Start thinking about planting summer-blooming bulbs
Well here we are at the end of February, and spring feels so close yet so far. Even though March often does indeed roar in like a lion, the promise of at least a few pleasant days, invigorating rains, and the earth beginning to blink flashes of welcome color excites even the least enthusiastic gardener.
It can also be a time of regret, seeing everyone else’s tulips, daffodil and hyacinth in vivid bloom and remembering “that weekend in October I was going to plant my bulbs…” Unfortunately, those early-blooming spring favorites cannot be planted now, but looking ahead it is the right time to start thinking about summer-blooming bulbs to be planted in the spring.
Favorite flowers like iris, gladiolus, and dahlia grow from bulbs that are not hardy enough to last over winter and should be planted shortly after the frost-free date. Here in Delaware County, that date is around May 15. Spring bulbs are a wonderful group of flowers that provide a full spectrum of color, a season of bloom and a wonderful cutting garden for advanced and novice gardeners alike.
Another enjoyable component of spring bulbs is the lack of commitment they require. A bed in the garden planted with summer-blooming bulbs this year can easily be used for vegetables next year. Because these bulbs are more fragile than bulbs planted in the late autumn, they will likely die in the ground over the winter if they are not removed from the ground at the end of the season. However, digging them out at the end of the summer is easy because spring bulbs are planted closer to the surface than bulbs planted in the autumn.
I believe the undisputed queen of summer-blooming bulbs is the dahlia. Dahlias are large, expressive and stunning blooms in a wide spectrum of color. Starbursts of color, they easily ascend to the center stage of any garden. They also make spectacular flowers to be cut and enjoyed inside. Because some dahlia blooms can be so incredibly large, a table can be filled with the color and ambiance of fresh flowers with minimal effort and only a few stems cut from outside. Like most bulbs, dahlias have been hybridized into countless options; almost all colors are available. Whether your garden color scheme is monochromatic with whites and greens or all about the beauty of natural contrast with vivid scarlet against energetic yellow backed by a soothing and cool blue, dahlias are a fabulous addition. They are only hardy in zones 8 to 10, so they must be removed from the soil in the autumn and stored in a frost-free place through the winter. Some have petals that are plain and smooth, some are so intricately curled and ornate they resemble a Dale Chihuly glass installation. These show-stopping blooms are definitely worth the minimal effort of overwintering.
Another summer-blooming bulb that I hold very dear are Oriental lilies. My very first gardening endeavor when I was six years old was a lily garden tucked on the side of my childhood home behind an air conditioner — for some reason my parents did not give me prime front yard real estate. Looking back, I suppose I can understand. Suffice it to say, my lily garden was not a Monet living painting, but my lilies thrived. Oriental lilies are very easy to grow (a six year old can do it!) and provide such a radiant and mesmerizing reward for a quick and easy dig. If you desire to cut your lilies and bring them into arrangements in the house, some find it helpful to cut the stamens (brown pods in the middle) because they can leave a yellow dust that stains and to which some are allergic. Even less work than dahlias, lilies are hardy n zones 5 to 9, so they do not need to be removed from the earth over winter.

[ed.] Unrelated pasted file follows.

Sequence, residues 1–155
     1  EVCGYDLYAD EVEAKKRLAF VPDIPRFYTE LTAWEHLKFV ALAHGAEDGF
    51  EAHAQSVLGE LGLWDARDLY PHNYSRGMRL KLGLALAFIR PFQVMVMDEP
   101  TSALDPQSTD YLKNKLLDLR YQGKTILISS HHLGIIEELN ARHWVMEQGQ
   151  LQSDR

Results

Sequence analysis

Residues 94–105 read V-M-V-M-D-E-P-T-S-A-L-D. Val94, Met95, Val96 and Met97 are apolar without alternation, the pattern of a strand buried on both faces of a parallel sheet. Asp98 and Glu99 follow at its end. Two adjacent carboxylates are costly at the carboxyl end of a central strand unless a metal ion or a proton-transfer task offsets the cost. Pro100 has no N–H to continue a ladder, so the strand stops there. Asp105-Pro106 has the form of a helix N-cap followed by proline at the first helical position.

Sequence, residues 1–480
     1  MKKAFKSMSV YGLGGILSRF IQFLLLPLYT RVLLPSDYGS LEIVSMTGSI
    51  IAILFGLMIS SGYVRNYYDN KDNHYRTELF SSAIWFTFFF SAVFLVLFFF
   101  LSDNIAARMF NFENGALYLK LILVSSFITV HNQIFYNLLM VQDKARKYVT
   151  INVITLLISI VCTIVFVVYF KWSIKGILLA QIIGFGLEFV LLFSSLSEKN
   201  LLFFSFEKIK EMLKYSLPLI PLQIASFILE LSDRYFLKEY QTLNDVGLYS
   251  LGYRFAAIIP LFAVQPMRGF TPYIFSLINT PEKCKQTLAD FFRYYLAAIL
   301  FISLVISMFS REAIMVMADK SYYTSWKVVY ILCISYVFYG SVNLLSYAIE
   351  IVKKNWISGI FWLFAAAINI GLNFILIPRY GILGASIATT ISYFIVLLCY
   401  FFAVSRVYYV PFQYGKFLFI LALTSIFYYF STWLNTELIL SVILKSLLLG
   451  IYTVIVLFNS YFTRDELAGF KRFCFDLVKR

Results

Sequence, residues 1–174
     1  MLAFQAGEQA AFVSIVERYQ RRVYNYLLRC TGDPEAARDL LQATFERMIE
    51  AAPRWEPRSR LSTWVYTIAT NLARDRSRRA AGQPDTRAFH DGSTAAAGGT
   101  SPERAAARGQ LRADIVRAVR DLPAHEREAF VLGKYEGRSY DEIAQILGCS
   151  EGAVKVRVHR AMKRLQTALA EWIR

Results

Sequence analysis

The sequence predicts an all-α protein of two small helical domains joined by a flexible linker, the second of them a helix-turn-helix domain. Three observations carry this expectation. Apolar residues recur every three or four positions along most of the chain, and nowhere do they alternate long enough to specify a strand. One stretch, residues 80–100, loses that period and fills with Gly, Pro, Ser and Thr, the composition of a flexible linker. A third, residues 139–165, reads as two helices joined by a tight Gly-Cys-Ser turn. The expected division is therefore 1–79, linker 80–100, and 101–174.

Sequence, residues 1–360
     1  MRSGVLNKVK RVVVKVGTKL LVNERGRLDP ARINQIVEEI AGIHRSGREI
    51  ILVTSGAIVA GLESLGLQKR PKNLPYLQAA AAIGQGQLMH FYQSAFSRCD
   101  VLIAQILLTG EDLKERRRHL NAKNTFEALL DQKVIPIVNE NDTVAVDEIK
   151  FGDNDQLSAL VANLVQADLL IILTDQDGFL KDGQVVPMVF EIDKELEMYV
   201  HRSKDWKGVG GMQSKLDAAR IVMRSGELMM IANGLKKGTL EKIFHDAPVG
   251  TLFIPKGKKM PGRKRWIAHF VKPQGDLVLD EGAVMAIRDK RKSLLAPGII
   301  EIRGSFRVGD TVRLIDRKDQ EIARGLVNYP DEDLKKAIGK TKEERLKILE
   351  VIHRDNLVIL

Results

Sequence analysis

An article about summer-blooming bulbs planted in spring would be incomplete without the mention of gladiolus. I feel gladioli, undeservingly so, are often overlooked or dismissed as common. Well … I suppose this could be true. They are one of the most popular cut flowers and are relatively inexpensive in floral shops. Personally, I very much enjoy gladioli. Gladioli come in such a wide array of color and last so long once cut; they really are a great choice for any garden. In floral work, one of the hardest elements to achieve is verticality. Gladioli are long stems packed full of individual blooms, adding effortless height to any arrangement.
With the strange winter we have had thus far, unfortunately even those who were prepared last autumn may not have their spring-blooming bulbs, as many have emerged prematurely and in danger of freezing. Bulbs that can be planted in the spring to bloom within only a few short weeks are a gardener’s best-kept secret. Even if they are your plan B, no one else would ever have to know just how easy they are to enjoy.
Seed starting program
Join the Delaware County Master Gardeners, Grow and Share Community Garden Committee, from 6:30 to 8:30 p.m. Thursday, March 15, for an instructional program on how to start your vegetable garden. Connie Zuga and Norma Lind will walk you through step by step on how to start your own seeds at home. The program will be held at in the Community Room of the new YMCA, 1121 S. Houk Road, Delaware.
This class is part of the Community Garden program series scheduled for the thirs Thursday of every month, March through September. Programs are free of charge.
For questions, call the extension office at 740–833-2030.
Stephen Jones is an OSU Extension Master Gardener volunteer.